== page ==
green-on-green technology precision spraying explanation

Green-on-Green Spraying: What is it?

How is it Different from Green-on-Brown Spraying?

In farming, green-on-brown and green-on-green spraying are terms not commonly thrown around. What do they mean, and why are they important? To fully understand, we must first explain the context of the two terms. Both have to do with managing weeds in agriculture. 

Weed control is one of the largest crop input expenses for farmers. Other threats include pests, diseases, and animals. While a natural part of agriculture, encountering weeds is a danger to the health and yield of crops if allowed to grow uncontrolled. As a result, herbicides are necessary. 

What are Herbicides? 

Herbicides are pesticides used to control weeds to allow crops to flourish. Over the years, the application process has evolved with the accelerated growth of the AgTech (Technology for farming that improves efficiency and profitability) sector. Precision spraying with artificially intelligent drones like the ones Precision AI are developing to apply herbicides is just one of many leading innovations in the industry.  

Herbicide application methods can take a few forms. The most common being boom sprayers and crop dusters, though backpack sprayers, misters and blanket wipers are known to be used. Some spraying techniques are more advanced than others, using technology to identify weeds among crops. Spraying only the weed within a crop is called precision spraying.  

Precision spraying lingo - Herbicide application and spraying terms for agriculture and farms including green-on-green, green-on-brown, broadcast, precision spraying, post-harvest, in-crop, pre-seed, and broad-acre.

Green-on-Brown Spraying vs Green-on-Green Spraying   

Green-on-brown spraying technology identifies plant matter in a field and targets them against the soil background. It explicitly uses color filters to differentiate green from brown soil, giving it the name green-on-brown technology. The time windows in agriculture that this technology is applied are pre-seed burn-off and post-harvest.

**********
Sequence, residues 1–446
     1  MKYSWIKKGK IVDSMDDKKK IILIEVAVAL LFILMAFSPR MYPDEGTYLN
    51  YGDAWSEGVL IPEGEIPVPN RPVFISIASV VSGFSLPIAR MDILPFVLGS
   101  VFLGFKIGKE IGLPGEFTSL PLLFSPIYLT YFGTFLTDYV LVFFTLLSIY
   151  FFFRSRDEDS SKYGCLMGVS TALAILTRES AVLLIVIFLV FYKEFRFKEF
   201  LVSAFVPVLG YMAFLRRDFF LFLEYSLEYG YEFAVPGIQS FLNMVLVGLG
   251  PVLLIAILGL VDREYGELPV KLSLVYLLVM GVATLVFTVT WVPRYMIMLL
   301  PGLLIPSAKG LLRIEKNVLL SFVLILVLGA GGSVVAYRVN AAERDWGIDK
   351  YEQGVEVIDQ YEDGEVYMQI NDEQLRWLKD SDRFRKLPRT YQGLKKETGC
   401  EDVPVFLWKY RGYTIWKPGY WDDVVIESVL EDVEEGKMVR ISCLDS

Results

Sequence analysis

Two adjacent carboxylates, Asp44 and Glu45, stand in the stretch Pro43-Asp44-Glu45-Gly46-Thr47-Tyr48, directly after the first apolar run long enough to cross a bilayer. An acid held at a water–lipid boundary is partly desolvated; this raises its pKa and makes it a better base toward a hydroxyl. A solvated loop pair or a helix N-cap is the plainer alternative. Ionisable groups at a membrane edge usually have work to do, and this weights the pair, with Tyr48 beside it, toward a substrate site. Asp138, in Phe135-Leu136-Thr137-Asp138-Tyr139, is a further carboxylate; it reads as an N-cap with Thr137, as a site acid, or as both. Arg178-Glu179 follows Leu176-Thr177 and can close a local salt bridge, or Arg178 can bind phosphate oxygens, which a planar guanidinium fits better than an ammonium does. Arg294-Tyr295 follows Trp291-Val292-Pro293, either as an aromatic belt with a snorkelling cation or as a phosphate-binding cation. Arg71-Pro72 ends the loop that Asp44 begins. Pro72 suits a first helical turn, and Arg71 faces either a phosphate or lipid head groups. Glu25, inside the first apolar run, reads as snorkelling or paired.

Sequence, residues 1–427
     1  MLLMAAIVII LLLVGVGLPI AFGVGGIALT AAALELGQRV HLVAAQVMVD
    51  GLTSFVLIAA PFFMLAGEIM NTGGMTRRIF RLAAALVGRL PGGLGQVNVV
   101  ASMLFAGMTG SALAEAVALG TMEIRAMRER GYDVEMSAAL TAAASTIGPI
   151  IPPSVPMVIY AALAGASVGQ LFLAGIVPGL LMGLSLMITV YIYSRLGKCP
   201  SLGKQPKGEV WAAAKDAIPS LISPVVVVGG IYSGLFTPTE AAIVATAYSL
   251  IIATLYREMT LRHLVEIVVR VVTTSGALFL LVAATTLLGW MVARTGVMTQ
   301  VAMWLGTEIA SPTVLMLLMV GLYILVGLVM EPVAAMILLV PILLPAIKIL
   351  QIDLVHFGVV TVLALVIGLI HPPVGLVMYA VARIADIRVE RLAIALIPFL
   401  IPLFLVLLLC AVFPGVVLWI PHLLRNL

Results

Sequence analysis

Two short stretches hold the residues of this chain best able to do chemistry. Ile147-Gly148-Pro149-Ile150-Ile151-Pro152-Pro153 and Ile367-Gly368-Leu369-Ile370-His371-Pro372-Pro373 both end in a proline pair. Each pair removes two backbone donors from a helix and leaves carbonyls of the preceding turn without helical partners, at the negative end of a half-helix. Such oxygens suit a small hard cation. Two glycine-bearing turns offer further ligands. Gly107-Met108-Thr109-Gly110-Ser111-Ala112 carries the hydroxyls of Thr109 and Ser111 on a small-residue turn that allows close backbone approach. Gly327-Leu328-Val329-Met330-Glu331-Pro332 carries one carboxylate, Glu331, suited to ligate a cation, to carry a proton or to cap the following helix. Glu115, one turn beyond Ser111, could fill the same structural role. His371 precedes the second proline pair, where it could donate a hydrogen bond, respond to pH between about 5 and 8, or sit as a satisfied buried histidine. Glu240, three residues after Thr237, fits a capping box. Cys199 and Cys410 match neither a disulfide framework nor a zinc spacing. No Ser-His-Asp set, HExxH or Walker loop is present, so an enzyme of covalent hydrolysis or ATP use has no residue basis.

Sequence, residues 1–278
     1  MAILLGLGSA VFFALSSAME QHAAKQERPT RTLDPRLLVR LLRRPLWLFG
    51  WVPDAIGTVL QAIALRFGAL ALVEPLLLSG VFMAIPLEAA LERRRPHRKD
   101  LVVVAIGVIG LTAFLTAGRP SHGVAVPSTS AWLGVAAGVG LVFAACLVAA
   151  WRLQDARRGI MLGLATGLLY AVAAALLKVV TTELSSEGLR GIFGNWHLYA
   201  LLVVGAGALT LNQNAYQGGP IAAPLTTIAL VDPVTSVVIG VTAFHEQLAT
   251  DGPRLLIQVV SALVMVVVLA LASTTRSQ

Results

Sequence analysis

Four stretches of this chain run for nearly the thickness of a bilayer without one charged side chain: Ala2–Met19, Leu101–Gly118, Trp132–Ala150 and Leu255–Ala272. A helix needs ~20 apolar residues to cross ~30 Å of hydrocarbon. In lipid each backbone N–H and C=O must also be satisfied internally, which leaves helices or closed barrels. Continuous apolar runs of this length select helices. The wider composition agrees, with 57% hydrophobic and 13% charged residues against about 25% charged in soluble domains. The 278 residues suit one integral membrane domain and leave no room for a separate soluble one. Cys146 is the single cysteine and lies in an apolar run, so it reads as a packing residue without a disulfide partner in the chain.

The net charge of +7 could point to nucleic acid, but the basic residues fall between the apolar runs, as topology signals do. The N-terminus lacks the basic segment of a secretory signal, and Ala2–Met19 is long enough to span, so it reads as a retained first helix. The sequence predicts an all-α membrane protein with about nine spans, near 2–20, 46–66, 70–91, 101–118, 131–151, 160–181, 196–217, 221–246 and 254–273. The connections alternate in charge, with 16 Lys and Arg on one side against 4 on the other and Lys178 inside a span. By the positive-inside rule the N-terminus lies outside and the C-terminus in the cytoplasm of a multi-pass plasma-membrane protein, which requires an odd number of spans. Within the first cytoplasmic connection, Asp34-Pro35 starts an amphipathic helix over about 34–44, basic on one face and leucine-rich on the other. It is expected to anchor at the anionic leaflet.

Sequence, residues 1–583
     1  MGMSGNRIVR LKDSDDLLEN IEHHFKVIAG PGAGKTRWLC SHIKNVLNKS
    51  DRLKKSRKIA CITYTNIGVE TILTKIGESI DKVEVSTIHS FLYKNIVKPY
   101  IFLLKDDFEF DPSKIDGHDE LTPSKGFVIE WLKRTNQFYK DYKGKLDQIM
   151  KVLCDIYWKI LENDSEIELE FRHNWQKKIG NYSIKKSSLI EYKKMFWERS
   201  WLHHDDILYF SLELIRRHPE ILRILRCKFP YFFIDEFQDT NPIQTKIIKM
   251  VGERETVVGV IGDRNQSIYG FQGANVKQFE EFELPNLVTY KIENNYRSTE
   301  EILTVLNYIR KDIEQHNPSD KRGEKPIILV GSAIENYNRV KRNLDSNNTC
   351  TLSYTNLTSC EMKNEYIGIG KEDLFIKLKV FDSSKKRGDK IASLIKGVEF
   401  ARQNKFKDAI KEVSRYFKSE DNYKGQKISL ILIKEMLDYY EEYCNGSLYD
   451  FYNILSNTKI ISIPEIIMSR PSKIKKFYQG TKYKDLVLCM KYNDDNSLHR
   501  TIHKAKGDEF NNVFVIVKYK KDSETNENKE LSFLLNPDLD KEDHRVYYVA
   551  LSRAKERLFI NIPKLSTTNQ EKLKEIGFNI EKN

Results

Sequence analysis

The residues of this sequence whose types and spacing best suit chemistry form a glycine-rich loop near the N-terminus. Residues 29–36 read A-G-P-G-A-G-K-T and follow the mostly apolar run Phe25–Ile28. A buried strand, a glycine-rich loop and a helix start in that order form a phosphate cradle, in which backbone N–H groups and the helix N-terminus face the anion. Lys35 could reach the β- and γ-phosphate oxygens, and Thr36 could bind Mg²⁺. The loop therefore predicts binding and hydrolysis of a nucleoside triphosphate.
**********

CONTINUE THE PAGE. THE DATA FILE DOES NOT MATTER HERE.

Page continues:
Pre-seed burn-off is spraying to kill weeds before seeding to prevent weeds from outcompeting crops for nutrients when they are planted. Post-harvest spraying kills weeds that have been missed during the pre-seed burn-off and in-crop spraying. 

Both are times when weeds are the only vegetation growing in the field. If this technology were used during the in-crop season, it would target both crop and weed, diminishing the benefits of green-on-brown technology.  

Green-on-green spraying takes advanced technology a step further. It successfully uses artificial intelligence to differentiate weed from crop – also called precision spraying. This allows growers to take their chemical savings further into the growing season. Through the work that AgTech companies are doing, this new concept has advanced significantly in recent years.  

Developing artificially intelligent equipment for farmers to target weeds among crops is becoming a true reality and is no longer a far-off dream. It works by the AI scanning the field. It can differentiate weed and crop, targeting the weed only for herbicide application. In early prototypes, this mapping can be loaded into a traditional smart sprayer to then spray the targeted areas. However, recent advancements allow for real-time mapping and spraying capabilities.  

Green-on-Green Spraying and The Future of Agriculture 

While green-on-green spraying is highly effective, it is still in its infancy in the industry. Research shows that precision spraying can result in up to 70% reductions in the use of herbicides as weeds are targeted more accurately. Precision spraying benefits farmers and consumers in the long term due to healthier produce.  

Cost-effective methods like green-on-brown and green-on-green spraying are essential to agribusiness. As the sophistication of farming technology increases, it accelerates the closure of the gap between where we are now and achieving global food security through sustainable agriculture.